Footsteps coming after him.
Sam,” a voice shouted. “Where are you?”
Up in front of the classroom, Mrs. Stanek was writing on the board, her raised arm tight in her purple sleeve. The chalk was thick and dusty, the words a bunch of loops and whorls that seemed to jump as Sam looked at them.
Never mind, he knew what it was all about anyway: the unit on the Middle Ages they were starting.
“Pease porridge hot,”
Mrs. Stanek said over her shoulder. “Remember that old nursery rhyme?”
Some of the kids joined in.
“Pease porridge cold. Pease porridge in the pot, nine days old.”
“It's what they ate in those days,” genius Marcy Albert said. “Peas on thick bread shaped into plates.”
“You're right,” said Mrs. Stanek. “The plates were called
trenchers. After the rich ate the peas, they gave the bread away to the poor.”
Across the room, Eric caught Sam's eye. He made gagging motions with his finger to his mouth.
Sam grinned; he shaded his eyes with his hands so Mrs. Stanek wouldn't notice him glancing around. She was talking about spices now, something about people using cinnamon and cloves in the medieval days. But he was hardly thinking about mashed-up peas and bread, or spices. He had to single someone out to help him read that paper in the attic, to go through the things that might be in the box. The boys would think he was weird, so it had to be a girl.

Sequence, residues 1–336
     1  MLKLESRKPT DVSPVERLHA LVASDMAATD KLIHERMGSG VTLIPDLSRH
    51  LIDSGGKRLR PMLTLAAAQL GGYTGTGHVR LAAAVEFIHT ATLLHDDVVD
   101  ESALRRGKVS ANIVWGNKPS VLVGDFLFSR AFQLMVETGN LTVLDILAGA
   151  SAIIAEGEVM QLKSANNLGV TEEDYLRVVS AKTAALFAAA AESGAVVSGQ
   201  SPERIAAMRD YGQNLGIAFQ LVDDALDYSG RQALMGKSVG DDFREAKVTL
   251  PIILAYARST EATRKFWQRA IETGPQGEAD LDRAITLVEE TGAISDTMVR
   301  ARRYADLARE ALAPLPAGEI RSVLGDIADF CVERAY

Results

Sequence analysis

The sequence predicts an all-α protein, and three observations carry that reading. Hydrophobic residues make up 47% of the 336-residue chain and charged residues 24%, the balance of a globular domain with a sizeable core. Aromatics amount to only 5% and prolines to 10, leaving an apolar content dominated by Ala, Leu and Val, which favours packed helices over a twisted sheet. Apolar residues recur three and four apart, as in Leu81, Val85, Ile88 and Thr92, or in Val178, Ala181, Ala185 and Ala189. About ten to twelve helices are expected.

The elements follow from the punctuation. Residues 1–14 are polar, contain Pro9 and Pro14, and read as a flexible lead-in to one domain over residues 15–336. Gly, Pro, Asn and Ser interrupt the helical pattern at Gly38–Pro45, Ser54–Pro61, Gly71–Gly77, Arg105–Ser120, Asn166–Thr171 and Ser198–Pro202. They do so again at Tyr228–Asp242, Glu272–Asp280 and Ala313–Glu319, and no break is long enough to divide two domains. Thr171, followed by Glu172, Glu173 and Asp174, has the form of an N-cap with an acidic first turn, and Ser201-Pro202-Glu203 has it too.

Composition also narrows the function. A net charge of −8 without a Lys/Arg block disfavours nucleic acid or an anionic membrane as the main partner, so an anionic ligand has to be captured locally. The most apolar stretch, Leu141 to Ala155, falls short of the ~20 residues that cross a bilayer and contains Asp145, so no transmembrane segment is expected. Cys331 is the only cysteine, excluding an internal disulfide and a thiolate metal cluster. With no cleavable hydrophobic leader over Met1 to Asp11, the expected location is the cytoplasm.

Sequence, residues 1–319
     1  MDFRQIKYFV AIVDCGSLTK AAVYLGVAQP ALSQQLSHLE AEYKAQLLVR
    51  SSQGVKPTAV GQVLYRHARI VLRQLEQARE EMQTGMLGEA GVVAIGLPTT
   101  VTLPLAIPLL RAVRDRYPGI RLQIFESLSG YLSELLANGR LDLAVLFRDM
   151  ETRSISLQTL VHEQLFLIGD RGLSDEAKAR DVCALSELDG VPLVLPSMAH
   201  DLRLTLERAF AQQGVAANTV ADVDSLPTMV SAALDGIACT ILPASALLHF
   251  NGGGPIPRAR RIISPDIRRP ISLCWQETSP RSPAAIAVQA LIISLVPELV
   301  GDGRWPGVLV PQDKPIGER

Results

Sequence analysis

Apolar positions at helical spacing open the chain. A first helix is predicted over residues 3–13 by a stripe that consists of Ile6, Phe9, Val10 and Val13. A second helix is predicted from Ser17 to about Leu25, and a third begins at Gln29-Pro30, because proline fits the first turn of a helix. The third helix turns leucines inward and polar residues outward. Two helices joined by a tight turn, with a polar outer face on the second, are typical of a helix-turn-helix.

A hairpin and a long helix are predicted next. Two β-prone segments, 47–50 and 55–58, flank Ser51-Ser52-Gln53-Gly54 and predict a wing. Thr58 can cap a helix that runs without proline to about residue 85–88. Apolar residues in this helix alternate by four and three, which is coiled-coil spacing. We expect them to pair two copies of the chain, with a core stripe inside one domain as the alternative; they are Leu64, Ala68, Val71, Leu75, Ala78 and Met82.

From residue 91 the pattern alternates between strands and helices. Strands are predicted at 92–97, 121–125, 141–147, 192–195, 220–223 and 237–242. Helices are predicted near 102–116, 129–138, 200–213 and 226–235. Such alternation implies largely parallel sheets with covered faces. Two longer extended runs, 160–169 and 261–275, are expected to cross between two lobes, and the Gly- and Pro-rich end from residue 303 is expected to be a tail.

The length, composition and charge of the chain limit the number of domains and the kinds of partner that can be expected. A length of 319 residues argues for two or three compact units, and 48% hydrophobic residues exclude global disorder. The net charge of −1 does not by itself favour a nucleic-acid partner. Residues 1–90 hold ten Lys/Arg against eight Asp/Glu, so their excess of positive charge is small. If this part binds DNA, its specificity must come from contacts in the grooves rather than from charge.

Marcy Albert was possible. She could read, but she could talk, too. He could almost hear her.
We sneaked up to his attic, can you imagine, he's looking for something but he doesn't even know exactly what.
Besides, Marcy Albert wouldn't climb up the side of the building in a million years.
There wasn't anyone else he could think of except maybe that new girl, Caroline. She'd arrived a month or so ago, the door banging open in the middle of the morning. A Kleenex coiled out of her sleeve like a white snake; her hair was tangerine. Nice face, ski-jump nose, freckles, tinted glasses.
Since then all she'd done was read every chance she had, a dozen bracelets jangling as she turned the pages. She wasn't too friendly; he hadn't seen her smile once.
Now Mrs. Stanek marched around the room. “Ah,
Sam.” She put a picture of a castle on his desk. “Maybe you could make one for us. There's cardboard in the closet, paper, scissors, glue—”
Nice going, Mrs. Stanek, he wanted to say; she knew he wouldn't have to read a word to cut out a castle.
“We'll have a lovely feast at the end of the unit,” Mrs. Stanek said as she kept moving.
With peas on bread?
Sam looked over at Eric and slashed his throat with one finger. Eric slashed back. Mrs. Stanek raised her eyebrows, and Eric turned the throat slashing into throat scratching.